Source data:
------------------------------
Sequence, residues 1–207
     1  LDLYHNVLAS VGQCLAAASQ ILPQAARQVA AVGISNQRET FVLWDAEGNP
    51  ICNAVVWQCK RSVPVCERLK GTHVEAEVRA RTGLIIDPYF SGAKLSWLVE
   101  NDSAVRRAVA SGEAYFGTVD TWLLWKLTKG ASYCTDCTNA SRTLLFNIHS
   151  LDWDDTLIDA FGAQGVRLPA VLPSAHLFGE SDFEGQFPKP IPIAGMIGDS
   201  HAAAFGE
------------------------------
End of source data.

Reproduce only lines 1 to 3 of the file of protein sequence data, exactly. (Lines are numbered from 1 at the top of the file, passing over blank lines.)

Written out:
Sequence, residues 1–207
     1  LDLYHNVLAS VGQCLAAASQ ILPQAARQVA AVGISNQRET FVLWDAEGNP
    51  ICNAVVWQCK RSVPVCERLK GTHVEAEVRA RTGLIIDPYF SGAKLSWLVE